Thursday, February 23, 2006
Here are some pictures from tonight's meal, along with one of Melissa at the table. My other daughter was working and Steven is sick. We had bistro type music playing in the background, candles lit, fresh spring flowers lightly scenting the room. Here are a couple of the recipes I used tonight with all the credit to Mireille Guiliano for sharing them in her book, "French Women Don't Get Fat".
I highly recommend her book, its a treat to read it and certainly gives all American women much to think about regarding eating habits and in presenting the meal.
Fancy Cream of Carrot Soup
2 bay leaves
5 cups peeled and sliced carrots
4 medium-size onions, peeled and sliced
2 potatoes, peeled and sliced
1 tablespoon sugar
2 tablespoons heavy cream
Salt and freshly ground pepper
1. Bring 10 cups of water to a boil. Add the bay leaves and all the vegetables. Simmer for 45 minutes.
2. Remove the bay leaves, and then purée the carrots in a food mill. Add the sugar and heavy cream and heat over low flame until piping hot.
Season to taste with salt and pepper.
Grate a pinch of nutmeg as garnish.
Chicken Au Champagne
Start with the best and most flavorful fresh chicken you can find. Organic, free-range chicken is more widely available than ever. As for the Champagne, I recommend Veuve Clicquot Yellow Label Brut. (Quelle surprise!) Okay, here's my disclaimer: I work for the company, but I am also addicted to its rich, full-bodied style and quality. Lots of good sparkling wines are made around the world, but they don't taste the same as French Champagne. And even Champagnes vary a good deal, depending on the grapes used, winemaking, and aging. Champagne has two reliable properties for cooking (or drinking). The first is dryness. Champagne is an austere wine, high in acidity. With chicken, I am not looking for sweetness, so Brut is the style of Champagne that works best. Second, I consider the flavors the wine imparts to the chicken. Veuve Clicquot is notable for its rich, full body and full flavor, having been made mostly from red grapes (Pinot Noir and Pinot Meunier) with about a third Chardonnay. Ingredients 4 chicken breasts (with skin and bone) Salt and freshly ground pepper Chervil, tarragon, or thyme (optional) 1 shallot, quartered 1 cup Champagne (Veuve Clicquot Yellow Label Brut recommended)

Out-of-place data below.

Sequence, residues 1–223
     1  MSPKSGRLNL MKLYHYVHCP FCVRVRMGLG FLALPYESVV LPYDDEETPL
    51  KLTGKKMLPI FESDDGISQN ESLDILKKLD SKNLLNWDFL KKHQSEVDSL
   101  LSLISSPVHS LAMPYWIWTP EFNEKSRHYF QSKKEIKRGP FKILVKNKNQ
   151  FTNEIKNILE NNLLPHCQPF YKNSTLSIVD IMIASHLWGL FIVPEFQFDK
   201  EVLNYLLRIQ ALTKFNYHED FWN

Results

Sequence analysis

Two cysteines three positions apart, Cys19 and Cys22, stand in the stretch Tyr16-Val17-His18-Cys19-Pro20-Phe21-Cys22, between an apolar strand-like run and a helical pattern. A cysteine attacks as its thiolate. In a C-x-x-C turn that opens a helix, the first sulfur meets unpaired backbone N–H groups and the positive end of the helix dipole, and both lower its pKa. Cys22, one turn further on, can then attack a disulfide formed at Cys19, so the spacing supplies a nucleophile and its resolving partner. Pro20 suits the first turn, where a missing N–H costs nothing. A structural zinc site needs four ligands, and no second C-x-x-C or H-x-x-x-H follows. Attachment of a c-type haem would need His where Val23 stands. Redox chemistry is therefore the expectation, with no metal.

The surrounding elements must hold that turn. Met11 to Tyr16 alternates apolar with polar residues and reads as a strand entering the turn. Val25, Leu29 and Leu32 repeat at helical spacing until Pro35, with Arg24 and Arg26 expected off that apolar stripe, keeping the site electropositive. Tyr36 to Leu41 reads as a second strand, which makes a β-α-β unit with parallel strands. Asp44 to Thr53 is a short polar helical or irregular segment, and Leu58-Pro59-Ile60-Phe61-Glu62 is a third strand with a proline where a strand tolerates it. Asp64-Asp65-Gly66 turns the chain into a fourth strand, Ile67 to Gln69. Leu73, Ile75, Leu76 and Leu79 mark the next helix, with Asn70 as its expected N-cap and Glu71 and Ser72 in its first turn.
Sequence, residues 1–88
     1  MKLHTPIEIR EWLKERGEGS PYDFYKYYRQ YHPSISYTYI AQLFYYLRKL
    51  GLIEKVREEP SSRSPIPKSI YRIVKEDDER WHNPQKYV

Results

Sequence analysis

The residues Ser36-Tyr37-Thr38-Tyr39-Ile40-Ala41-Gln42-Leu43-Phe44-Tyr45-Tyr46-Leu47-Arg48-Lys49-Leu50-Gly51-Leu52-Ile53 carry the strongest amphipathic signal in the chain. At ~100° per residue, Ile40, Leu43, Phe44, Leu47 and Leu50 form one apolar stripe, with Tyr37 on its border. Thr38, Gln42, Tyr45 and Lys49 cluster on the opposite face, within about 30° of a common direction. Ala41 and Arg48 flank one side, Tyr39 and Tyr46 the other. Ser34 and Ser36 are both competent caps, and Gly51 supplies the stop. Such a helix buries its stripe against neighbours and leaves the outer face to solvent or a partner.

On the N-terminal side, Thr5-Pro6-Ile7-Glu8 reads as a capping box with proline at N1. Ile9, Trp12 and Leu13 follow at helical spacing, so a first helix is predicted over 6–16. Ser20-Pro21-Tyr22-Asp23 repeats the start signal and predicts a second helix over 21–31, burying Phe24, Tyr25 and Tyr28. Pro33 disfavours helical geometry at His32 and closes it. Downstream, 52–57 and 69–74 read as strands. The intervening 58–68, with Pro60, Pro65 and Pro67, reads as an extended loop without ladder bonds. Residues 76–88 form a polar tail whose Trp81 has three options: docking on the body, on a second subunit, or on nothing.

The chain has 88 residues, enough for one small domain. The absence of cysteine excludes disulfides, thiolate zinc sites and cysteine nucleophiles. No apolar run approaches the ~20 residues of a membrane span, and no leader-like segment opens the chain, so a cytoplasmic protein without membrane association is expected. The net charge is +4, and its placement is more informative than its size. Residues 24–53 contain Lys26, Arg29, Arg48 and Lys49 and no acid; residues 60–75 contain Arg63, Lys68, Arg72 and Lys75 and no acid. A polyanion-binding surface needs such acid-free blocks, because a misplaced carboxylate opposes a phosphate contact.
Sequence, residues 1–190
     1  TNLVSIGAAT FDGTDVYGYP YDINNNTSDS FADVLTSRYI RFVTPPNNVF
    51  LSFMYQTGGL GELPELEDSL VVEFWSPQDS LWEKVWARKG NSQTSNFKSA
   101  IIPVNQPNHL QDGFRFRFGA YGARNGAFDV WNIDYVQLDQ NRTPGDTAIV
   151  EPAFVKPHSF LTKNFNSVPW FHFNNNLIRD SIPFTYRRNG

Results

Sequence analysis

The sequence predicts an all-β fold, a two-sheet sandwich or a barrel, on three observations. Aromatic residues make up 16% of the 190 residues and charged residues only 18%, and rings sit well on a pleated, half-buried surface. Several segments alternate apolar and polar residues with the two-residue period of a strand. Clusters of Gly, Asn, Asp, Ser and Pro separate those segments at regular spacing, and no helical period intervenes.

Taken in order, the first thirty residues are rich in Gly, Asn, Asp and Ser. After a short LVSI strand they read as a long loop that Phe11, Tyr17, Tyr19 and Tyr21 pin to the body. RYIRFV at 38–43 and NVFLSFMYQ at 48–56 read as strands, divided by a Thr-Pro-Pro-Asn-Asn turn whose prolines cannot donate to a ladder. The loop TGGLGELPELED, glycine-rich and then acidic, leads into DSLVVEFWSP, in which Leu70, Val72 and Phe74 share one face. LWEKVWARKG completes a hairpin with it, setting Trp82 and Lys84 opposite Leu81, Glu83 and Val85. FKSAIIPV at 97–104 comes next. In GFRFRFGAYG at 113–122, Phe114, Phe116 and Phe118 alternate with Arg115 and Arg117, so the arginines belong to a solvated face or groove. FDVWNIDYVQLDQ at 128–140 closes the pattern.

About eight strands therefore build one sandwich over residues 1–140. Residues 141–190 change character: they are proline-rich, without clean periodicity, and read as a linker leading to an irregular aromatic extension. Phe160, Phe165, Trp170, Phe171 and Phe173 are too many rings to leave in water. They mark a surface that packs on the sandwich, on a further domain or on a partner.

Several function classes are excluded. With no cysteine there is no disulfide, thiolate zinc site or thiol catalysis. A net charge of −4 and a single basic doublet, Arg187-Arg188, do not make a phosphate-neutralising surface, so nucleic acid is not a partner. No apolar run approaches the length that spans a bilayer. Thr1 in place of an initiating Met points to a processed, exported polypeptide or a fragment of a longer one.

My personal note: sparkling apple juice works fine in place of Champagne
1. Place the chicken breasts in a roasting pan, and season them. Pour 1/2 cup of the Champagne over breasts. Make a slit in each breast and insert a piece of shallot.
2. Place the pan under the broiler, skin-side down, for 3 minutes, until the skin is nicely browned. Turn and broil the other side for 5 minutes.
3. Remove the chicken from the broiler, baste with the pan juices, and add the remaining 1/2 cup of Champagne. Adjust the oven temperature to 475 degrees and bake the chicken for 30 minutes, basting once or twice.
4. Serve over brown rice. Sautéed mushrooms add a special touch and go beautifully with Champagne. (In a warm frying pan with a touch of olive oil, add clean, roughly chopped mushrooms, and cook for a few minutes. Add a few drops of lemon juice, freshly chopped sage, seasoning to taste, and 1 tablespoon of butter.) Pour the cooking juices from the chicken over the meat and rice. Serve the remainder of the bottle of Champagne (about 6 glasses) with the meal.
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